- Pure One S12
- $449 - 699
When I reviewed Dyson’s V10 last year, I finally understood why people were willing to pay such a premium for the company’s vacuums. But testing Tineco’s Pure One S12 the past couple of weeks has been a reminder that there are versatile alternatives that give you more for your money.
The S12 comes in four packages, ranging from $449 at the entry level to $699 for the most goodies thrown in; I tested the $599 configuration. My first thought was that it looked a lot like a Dyson with a white coat of paint, so I worried it was little more than a knockoff.
Indeed, there are blatant similarities. Like the new Dyson V11, the S12’s headline feature is the ability to automatically adjust suction power for the surface being cleaned. The way they go about it is different though: the S12 adjusts suction power based on the amount of dust flowing past a sensor – allowing it to work with any attachment – while V11 adjust suction power based on the surface type and only works with the large motorized brush head.
This allows you to conserve battery life instead of cranking up the power and depleting your charge before you get to those last pesky dust bunnies. Also like the V11, the higher-end models come with an LED display that let you keep precise track of battery life and suction power.
But the S12 is not just a copycat; there are many practical additions that genuinely improve the cleaning experience. Among these are:
- A light ring circling the display on the higher end models shifts from red to blue as the surface gets cleaner. It’s a handy reminder to slow down and clean more thoroughly.
- LED lights illuminate the floor in dark areas.
- The automatic suction detection works with all tools, not just the motorized floor cleaner.
- A long, flexible crevice tool for reaching under appliances and the like.
- The docking station can hold three accessories instead of just two.
- An app allows you to view cleaning reports, maintenance reminders, and support documents.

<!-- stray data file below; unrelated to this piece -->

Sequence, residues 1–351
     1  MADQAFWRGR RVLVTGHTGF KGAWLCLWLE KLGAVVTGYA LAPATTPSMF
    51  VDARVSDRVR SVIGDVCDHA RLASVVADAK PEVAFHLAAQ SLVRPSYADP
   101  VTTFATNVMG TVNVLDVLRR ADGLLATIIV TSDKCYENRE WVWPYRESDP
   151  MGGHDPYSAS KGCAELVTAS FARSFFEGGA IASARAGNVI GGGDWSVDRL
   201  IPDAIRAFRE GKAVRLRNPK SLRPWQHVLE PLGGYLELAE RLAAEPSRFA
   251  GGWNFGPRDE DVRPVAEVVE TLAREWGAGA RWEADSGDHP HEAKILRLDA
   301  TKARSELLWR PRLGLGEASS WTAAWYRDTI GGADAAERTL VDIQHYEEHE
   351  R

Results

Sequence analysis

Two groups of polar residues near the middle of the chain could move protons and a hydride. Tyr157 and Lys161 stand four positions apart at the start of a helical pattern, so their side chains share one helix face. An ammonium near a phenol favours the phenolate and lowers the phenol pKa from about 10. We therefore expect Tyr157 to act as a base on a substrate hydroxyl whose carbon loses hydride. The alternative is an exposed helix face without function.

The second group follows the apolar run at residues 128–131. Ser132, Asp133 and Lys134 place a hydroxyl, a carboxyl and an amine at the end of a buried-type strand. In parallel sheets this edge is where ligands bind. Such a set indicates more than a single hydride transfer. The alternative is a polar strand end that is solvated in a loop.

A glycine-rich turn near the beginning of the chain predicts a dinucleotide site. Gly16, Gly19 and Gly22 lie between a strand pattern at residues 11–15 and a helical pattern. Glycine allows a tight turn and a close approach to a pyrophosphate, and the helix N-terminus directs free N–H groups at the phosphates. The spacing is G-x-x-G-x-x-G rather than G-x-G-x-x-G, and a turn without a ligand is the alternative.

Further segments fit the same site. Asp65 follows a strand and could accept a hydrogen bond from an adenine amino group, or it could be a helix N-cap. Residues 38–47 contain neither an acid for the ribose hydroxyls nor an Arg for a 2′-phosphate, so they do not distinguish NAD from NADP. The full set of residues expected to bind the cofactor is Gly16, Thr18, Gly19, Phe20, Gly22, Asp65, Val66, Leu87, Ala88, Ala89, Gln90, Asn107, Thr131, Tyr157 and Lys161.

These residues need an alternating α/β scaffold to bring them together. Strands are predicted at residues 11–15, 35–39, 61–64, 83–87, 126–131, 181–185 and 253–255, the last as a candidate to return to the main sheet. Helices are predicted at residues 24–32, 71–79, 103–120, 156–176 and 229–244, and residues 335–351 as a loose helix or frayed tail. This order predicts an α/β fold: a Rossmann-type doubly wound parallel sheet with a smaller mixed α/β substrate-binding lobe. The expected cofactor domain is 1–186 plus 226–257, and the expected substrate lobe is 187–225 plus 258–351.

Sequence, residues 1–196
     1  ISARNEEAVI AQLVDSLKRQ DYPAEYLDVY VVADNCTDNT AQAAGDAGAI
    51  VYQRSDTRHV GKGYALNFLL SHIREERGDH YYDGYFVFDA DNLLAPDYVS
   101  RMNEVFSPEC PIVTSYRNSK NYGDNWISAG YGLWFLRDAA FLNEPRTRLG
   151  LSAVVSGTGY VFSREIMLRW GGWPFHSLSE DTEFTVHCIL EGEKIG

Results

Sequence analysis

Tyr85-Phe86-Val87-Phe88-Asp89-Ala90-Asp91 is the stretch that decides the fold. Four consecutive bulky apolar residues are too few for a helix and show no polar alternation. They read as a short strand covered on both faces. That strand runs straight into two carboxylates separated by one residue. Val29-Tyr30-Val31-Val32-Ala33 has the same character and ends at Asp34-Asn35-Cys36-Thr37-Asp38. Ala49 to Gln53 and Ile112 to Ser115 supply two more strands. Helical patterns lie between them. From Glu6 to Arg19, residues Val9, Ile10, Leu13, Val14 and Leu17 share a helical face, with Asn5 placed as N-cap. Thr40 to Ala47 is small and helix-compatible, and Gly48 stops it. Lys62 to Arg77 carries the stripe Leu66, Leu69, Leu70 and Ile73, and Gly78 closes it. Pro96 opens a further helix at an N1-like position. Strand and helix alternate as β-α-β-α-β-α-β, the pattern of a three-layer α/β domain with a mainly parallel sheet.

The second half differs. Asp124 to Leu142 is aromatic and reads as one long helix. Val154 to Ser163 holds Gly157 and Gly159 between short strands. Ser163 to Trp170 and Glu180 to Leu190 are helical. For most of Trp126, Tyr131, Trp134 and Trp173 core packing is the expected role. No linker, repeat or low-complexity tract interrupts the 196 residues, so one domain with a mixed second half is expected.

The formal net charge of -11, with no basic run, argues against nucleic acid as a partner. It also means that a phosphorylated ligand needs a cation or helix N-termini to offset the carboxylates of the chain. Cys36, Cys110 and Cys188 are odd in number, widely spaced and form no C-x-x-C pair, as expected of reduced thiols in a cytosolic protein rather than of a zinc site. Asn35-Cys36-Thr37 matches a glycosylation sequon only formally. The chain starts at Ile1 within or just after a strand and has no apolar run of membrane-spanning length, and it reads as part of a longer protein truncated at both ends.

- A filter cleaning tool that works in minutes, unlike Dyson’s 24-hour wash-and-dry method.
- An included hair cleaning tool to remove stuck hair and other debris from accessories.
- You can lock the trigger button so you don’t have to hold it down the entire time you’re cleaning.
- You have more precise control over suction power with a touch-sensitive slider.
- App connectivity for support, cleaning reports, and maintenance reminders on the three higher-end models.
- A Wi-Fi camera and Bluetooth speaker is included in the $499 model only, for some reason.
- The S12’s construction feels slightly superior.
The most practical difference is that every S12 includes a second battery which you can charge simultaneously using the included dock. The cheaper variants come with two batteries worth 80 minutes total, while the more expensive models can run for 100 minutes. The V10 has a longer runtime per battery, but there’s only one and it’s not swappable. If you run out of battery on the Dyson, you’re left waiting hours for the battery to top up. Not so with the Tineco, as you’ll have another battery at the ready.
Though the $699 S12 Plus is as expensive as the top Dyson V11 configuration, you only need the $599 kit to outdo Dyson on accessories and features. And if you don’t care for the display and don’t mind a slightly smaller battery, the $449 model still provides automatic suction control and a boatload of accessories.
Of course, there have always been cheaper Dyson alternatives; people buy Dysons for the combination of cleaning performance and design. It’s worth noting I have not yet tried the V11, and I have not the tools nor expertise to say whether the S12 outperforms the V10 I’ve long used. I didn’t notice a major difference in cleaning performance in my apartment, but if I had to choose, I’d give Dyson the slight edge. Dyson also has a reputation for long-term performance, and the V10 has also survived a year with nary a hindrance, while I have no prior experience with Tineco’s products (although Amazon reviews for its cheaper vacuums are reassuringly positive).
But if all I cared were cleaning performance, I could get a wired upright or canister vacuum. Where the S12 shines is with its extensive accessory package and thoughtful additions. It’s not perfect, of course; it’s a little heavier than the Dyson, doesn’t prop up against a wall as easily, and doesn’t come with Dyson’s reputation or 90-day money-back guarantee. And again, I haven’t tried the V11, so this isn’t entirely a fair comparison. Still, the S12 is so versatile at its price point that I can’t help but feel it’s the smarter buy.
The Tineco Pure One S12 is available starting today from Amazon.com, ranging from $449 to 699.
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